The proper way to conduct science is first to ask the question, and then to find the best means to answer the question. If you do it in that order, you will realize it's bonkers to ask "which is best" between a number of techniques. Are you interested in gene expression at the level of RNA? Then use PCR. Are you concerned with protein expression? Then W.B. is a great way to go. Immunocytochemistry is not nice because you can see how beautiful things are, they are nice because you can learn things about the morphology of cells under different conditions, whether a protein of interest is expressed at different stages, where these are being tracked inside the cell, how many cells per given treatment, etc.

 

What I hope you get out of this is: your OP is a silly question and a backwards way of doing proper science. Ask your question, think hard about the best way to answer that question, and learn that technique.

 

P.S. if you're looking for a way to get publications without doing much work (as your OP suggests), you will have a hard time succeeding

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Publishing in UG depends on a lot of factors. But most of those factors relates back to your prof. If you have a good one, you can actually crank out papers just blotting. Although to me that's pretty lame. It also depends on the field. Psych pumps out publications monthly with N of 20 and stuff.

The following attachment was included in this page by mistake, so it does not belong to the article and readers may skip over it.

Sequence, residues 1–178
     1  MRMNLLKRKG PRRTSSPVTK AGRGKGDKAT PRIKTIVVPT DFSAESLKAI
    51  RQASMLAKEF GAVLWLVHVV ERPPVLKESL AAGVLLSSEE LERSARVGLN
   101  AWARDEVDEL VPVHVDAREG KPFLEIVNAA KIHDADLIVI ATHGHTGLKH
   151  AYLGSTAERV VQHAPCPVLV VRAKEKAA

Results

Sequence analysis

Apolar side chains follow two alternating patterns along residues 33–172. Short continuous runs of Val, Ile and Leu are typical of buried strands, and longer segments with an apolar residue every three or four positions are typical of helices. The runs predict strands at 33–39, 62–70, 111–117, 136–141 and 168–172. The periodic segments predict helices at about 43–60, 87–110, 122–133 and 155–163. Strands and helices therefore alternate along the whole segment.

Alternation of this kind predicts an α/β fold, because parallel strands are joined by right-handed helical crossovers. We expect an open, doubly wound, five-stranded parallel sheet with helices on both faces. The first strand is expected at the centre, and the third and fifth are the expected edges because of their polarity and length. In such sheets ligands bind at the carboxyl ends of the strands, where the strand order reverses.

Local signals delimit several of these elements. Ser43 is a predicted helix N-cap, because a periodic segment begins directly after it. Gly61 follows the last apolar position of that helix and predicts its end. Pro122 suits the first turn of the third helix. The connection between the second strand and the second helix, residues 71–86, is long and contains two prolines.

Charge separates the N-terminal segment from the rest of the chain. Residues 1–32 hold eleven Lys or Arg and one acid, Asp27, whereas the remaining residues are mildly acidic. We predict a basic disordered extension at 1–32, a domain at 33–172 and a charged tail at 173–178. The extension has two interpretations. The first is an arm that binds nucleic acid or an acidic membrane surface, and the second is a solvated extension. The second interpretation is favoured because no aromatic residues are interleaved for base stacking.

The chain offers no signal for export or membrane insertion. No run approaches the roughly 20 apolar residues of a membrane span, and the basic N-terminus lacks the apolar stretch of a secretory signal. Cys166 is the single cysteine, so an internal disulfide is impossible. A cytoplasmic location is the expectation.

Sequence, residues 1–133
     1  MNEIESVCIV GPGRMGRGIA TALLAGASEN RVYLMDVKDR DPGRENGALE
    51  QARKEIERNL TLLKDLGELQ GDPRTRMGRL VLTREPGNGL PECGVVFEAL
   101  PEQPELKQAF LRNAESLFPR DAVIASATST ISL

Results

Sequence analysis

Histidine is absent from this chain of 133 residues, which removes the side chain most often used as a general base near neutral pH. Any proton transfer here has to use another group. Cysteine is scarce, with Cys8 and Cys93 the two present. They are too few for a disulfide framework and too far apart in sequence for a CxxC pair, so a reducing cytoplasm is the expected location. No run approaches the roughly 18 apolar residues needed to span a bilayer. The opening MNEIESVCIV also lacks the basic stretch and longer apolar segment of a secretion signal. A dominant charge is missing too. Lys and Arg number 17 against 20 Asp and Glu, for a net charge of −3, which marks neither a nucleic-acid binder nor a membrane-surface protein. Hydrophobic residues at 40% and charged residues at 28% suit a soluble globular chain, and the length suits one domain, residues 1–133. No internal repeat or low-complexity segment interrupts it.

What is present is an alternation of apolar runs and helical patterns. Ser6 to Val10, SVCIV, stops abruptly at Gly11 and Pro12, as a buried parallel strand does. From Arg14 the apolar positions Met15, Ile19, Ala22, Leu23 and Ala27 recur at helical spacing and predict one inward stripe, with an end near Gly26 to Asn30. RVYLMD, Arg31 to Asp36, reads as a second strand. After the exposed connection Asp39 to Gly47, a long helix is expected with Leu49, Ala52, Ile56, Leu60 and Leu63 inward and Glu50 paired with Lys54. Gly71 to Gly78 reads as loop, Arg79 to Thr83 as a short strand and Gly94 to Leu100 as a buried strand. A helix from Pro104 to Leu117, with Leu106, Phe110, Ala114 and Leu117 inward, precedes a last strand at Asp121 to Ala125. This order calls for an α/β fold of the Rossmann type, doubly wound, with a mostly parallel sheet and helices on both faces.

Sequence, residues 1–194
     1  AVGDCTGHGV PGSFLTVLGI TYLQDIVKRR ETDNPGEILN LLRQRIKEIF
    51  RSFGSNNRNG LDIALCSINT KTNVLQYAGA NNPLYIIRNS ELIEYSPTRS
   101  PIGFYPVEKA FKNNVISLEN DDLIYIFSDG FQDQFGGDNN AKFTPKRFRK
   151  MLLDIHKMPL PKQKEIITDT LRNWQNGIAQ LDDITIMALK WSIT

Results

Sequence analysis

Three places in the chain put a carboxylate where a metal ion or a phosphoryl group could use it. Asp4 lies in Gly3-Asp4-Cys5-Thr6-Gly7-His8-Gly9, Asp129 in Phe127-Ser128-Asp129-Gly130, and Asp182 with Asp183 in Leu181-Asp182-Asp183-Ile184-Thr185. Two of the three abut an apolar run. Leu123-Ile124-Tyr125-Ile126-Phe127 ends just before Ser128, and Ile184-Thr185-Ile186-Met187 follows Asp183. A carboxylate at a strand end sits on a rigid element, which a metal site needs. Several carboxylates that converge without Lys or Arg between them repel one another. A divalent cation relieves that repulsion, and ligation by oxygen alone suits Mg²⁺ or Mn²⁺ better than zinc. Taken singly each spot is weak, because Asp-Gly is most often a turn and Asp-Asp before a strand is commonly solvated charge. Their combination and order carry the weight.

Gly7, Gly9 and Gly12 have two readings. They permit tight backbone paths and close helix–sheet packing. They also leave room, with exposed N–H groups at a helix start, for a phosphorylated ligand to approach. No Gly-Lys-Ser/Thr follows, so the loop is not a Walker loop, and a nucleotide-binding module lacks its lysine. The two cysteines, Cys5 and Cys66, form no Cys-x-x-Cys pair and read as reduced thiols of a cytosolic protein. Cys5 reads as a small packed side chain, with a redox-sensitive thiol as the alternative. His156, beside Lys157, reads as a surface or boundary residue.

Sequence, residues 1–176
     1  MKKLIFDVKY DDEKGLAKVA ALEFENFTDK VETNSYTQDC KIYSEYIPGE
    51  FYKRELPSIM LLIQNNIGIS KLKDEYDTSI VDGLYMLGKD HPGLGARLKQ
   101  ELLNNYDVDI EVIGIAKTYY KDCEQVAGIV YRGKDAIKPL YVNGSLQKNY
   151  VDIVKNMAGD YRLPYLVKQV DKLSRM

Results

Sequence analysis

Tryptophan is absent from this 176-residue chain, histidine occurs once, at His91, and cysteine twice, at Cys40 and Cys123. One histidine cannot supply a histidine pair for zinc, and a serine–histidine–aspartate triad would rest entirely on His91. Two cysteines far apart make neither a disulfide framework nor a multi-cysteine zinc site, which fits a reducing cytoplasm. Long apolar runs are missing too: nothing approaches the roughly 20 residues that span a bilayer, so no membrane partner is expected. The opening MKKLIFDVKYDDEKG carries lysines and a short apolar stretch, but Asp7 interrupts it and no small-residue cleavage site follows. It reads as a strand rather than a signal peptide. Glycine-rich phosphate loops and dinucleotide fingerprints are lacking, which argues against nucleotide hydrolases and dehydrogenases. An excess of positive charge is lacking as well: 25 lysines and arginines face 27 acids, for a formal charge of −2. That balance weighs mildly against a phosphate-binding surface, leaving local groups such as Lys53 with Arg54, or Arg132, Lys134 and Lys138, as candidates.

one girl in my class published a paper on chicken eggs and their oxygen consumption.....

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This is a very strange question without providing any details regarding the questions to wish to answer.

 

The proper way to conduct science is first to ask the question, and then to find the best means to answer the question. If you do it in that order, you will realize it's bonkers to ask "which is best" between a number of techniques. Are you interested in gene expression at the level of RNA? Then use PCR. Are you concerned with protein expression? Then W.B. is a great way to go. Immunocytochemistry is not nice because you can see how beautiful things are, they are nice because you can learn things about the morphology of cells under different conditions, whether a protein of interest is expressed at different stages, where these are being tracked inside the cell, how many cells per given treatment, etc.